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Animation Versus Oil Paint

Annabel Slater
Mar. 15 2019

I intend take my experience on Falkor and morph it into a playable game or interactive fiction for people to learn more about ocean research. I have experimented in creating animations and pictures, as I believe digital arts have great potential in sharing understanding. With animation, a concept can be illustrated with motion, humour, and visual metaphors.

Animated .gif by Artist-at-Sea Annabel SlaterAnnabel Slater

For example, I have tried thinking how to show two contrasting facts about ocean viruses. As Karthik explained, the sea is absolutely full of countless kinds of viruses. If taken by number, 95 percent of all biological entities in the ocean are viruses. Yet they make up just five percent of biomass.

Animation can also portray the unseeable. I have experimented with showing how Riftia take carbon and sulphur from the water around them. I have wondered how to show viruses that can infect sulphur bacteria with additional genes, to make them produce more energy.

A frame from an animation showing how researchers hypothesize Riftia tubeworms take in carbon and sulphur from the water around them.

There are plenty of ideas and amazing concepts to capture. Yet, as an artist I am also preoccupied with aesthetics and beauty. Trying to portray the deep sea has become particularly daunting because the video feed has looked so ludicrously epic. How could any digital paintings possibly compare to what SuBastian has filmed?

Riftia thriving around the ‘Alvin Spire’ hydrothermal site in the Guaymas Basin, Gulf of California.

I sat in the control room. The dark of the control room accentuated the feel of being under the sea. I tried to capture the experience in words that came out like fragments of poetry: the black expanse of a rock liberally coated with white crabs; tiny white slow-moving arthropods that swim when disturbed, launching themselves into the water and flicking their curled tail, shooting backwards with legs streaming out in the opposite direction. They seemed powered by bursts of jet propulsion. On the other side of the rock was a thick kingdom of Riftia. Their tubes glowed luminous white in SuBastian’s light. The red fronds billowed and flickered in the sudden turbulence. SuBastian’s approach sent cascades of sediment, stained red in the searchlight, roiling across the Riftia and rock and crabs. The deep-sea sandstorm briefly obscured our view.

Then, slowly revealed, pagoda-like rock formations, extinct chimneys. Blobby fingers of carbonate thrust upwards. Together they formed a fantastical deep-sea fortress. (I appear to have written ‘It’s the Gondor of the deeps’ in my notes). The surfaces of the tower were streaked and spattered with white, while a splash of violent yellow at the base of one showed a sulphurous bacteria mat. A living, colour-changing carpet, if collected and left overnight, it turns white. So-called ‘fried egg’ bacterial mats of yolky orange and white splattered the sea floor.

Bright red shrimp peppering the matt of fibres and rubbish. White-black bacterial mat that looked like dirty house mould, or mouldy bread speckled with lurid green flecks. The further away white objects were, the more they acquired an eerie pale blue glow. Distant dead Riftia nestled in the cracks and crevices below SuBastian shone with azure ectoplasm and dots and splotches of drifting sediment drew streaky trails.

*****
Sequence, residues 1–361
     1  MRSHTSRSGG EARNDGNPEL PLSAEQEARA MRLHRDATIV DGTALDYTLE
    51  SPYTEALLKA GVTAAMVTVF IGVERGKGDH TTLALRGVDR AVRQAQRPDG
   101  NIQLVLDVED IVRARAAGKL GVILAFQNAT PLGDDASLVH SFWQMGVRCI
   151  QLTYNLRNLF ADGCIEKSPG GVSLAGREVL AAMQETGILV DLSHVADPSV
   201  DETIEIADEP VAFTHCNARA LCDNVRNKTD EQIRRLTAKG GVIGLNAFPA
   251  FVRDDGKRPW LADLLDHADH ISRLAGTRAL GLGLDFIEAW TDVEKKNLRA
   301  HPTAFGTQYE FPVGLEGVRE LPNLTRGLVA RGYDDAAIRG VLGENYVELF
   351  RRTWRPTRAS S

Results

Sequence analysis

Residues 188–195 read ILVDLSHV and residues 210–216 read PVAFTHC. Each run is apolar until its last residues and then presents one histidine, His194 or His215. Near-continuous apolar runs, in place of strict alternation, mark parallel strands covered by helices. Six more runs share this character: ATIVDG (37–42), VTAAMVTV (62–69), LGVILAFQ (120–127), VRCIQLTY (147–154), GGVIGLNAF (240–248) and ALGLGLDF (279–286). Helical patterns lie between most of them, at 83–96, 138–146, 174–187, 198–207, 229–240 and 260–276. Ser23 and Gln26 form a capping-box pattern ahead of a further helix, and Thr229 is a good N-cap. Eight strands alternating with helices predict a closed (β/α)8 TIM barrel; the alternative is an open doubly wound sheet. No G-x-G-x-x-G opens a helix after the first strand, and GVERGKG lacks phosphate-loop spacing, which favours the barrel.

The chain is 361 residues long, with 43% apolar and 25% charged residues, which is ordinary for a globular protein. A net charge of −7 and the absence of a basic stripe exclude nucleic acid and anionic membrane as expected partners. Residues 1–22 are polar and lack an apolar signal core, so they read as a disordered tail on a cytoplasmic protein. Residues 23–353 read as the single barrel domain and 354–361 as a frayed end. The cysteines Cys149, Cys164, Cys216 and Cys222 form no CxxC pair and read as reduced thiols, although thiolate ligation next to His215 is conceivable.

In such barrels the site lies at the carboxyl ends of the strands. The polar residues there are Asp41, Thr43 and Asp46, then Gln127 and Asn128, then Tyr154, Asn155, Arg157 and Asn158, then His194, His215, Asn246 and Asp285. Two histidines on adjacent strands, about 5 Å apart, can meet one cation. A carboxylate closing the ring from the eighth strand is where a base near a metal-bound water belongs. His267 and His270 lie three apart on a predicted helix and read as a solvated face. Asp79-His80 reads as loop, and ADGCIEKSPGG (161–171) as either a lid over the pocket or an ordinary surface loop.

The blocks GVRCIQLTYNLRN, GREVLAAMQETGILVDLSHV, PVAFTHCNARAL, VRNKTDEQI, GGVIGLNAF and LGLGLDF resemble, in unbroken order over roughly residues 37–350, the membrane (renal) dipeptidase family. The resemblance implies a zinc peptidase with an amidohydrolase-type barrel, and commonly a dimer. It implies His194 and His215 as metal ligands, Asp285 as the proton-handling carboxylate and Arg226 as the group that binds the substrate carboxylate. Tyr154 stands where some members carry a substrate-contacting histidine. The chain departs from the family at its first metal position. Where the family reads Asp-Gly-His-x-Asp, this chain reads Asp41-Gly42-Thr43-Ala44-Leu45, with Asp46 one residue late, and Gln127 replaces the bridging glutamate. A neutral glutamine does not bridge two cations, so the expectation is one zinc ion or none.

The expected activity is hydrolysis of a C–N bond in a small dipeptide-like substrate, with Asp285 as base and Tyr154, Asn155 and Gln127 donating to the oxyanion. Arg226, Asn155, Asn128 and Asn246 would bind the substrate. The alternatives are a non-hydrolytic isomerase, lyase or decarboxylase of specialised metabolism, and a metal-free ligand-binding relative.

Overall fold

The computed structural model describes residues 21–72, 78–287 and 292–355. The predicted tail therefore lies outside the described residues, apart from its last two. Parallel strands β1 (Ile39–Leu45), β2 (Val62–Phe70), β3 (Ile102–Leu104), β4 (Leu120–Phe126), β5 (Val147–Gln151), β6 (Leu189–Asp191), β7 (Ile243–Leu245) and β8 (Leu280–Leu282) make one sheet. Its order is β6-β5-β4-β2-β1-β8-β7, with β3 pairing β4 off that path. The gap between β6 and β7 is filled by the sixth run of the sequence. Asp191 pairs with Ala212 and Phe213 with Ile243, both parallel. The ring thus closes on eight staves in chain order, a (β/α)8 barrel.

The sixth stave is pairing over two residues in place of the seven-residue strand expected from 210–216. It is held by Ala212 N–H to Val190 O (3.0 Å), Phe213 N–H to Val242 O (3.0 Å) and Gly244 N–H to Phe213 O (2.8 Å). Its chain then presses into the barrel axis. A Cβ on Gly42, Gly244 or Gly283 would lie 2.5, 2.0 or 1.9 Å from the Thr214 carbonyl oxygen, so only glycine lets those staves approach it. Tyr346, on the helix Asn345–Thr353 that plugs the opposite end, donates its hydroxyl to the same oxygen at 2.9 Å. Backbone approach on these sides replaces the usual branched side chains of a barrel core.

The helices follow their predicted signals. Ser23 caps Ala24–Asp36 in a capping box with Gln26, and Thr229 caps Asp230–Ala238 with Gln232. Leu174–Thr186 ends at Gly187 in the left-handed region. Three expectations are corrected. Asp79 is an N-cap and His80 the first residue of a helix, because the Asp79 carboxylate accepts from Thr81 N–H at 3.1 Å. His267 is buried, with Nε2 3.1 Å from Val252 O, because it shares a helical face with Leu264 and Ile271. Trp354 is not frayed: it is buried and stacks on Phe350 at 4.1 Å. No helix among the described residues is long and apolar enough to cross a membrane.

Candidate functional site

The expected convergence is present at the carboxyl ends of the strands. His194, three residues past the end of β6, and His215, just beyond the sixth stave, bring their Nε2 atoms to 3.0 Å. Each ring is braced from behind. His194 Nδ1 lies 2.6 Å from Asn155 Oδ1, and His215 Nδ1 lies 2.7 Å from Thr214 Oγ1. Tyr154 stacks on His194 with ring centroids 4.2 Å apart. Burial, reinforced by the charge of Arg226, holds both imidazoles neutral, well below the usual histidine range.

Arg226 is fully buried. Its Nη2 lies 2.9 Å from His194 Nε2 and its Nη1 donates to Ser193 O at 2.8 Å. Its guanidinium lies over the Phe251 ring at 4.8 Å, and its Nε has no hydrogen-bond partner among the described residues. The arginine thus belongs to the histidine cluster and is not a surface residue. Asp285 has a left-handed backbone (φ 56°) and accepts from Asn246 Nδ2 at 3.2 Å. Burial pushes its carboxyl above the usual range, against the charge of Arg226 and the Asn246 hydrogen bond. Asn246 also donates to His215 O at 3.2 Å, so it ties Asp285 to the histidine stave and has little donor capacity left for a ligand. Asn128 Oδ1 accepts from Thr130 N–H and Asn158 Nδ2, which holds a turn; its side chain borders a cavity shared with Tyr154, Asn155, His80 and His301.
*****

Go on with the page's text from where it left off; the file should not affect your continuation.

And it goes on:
Artist-at-Sea Annabel Slater takes notes and sketches nest to ROV SuBastian on R/V Falkor’s aft deck.Thom Hoffman / SOI

A rock-blocky skyscraper of a tower revealed a glittering underside of pyrrhotite (magnetic Fool’s Gold) looking like speckles of stars dusted against black fabric. It was surrounded by a collection of smaller Buddha-spire shapes marked in orangey red rust and black. As SuBastian passed they came into sharp and enhanced view, and faded out again. We looked up the tower, to the unstoppable rush of hot fluid streaming from the underside of a mirror pool at its top. It was the colour of sulphurous rushing steam and streams and smoke from hell, reddish-orange-purple that looked like fire underwater.

An upside down pool of hydrothermal fluid, part of the Big Pagoda hydrothermal vent structure.ROV SuBastian/SOI

Mirror pools had been carved stepwise into the undersides of rock like upside-down rice paddies. A metre-high thin finger projection, appeared like an “Empire State Building” of the deep.

The long tail of a fish like a slim streak of paint. A wriggle like the tail of a waiting cat. The movement of a half-swimming, half-floating octopus was a languid pick-up and drop of its tentacles, each action seeming only to cancel the other one out. Then it flattened like a falling, drifting handkerchief, slowly settling down under gravity as SuBastian moved past, coiling the very tips of its tentacles into tiny fists. Its eyes were black and calm in its oddly humanoid head.

Before coming on the ship, the deep sea seemed impossibly, romantically isolated. A juxtaposition of hostile conditions, fathoms of water, crushing pressure, icy temperatures, and searing hydrothermal vents shielding its mysterious life. From the control room I have been able to watch SuBastian literally shining a light into those depths. And not only me, but thousands of other viewers from all over the world were watching the exploration. And I have realised: though life thrives down the seabed, the beautiful deep sea bed is not entirely untouched. Every so often, as we admired the view, we would come across the most alien sights of all – pieces of crinkled plastic, readable human letters, pieces of junk.

Sometimes, digital art just is not enough. For expressing colour and feelings, there is no medium quite like oil paint.

Oil Painting Of A Tower With Mirror Flange by Artist-at-Sea Annabel Slater.Annabel Slater


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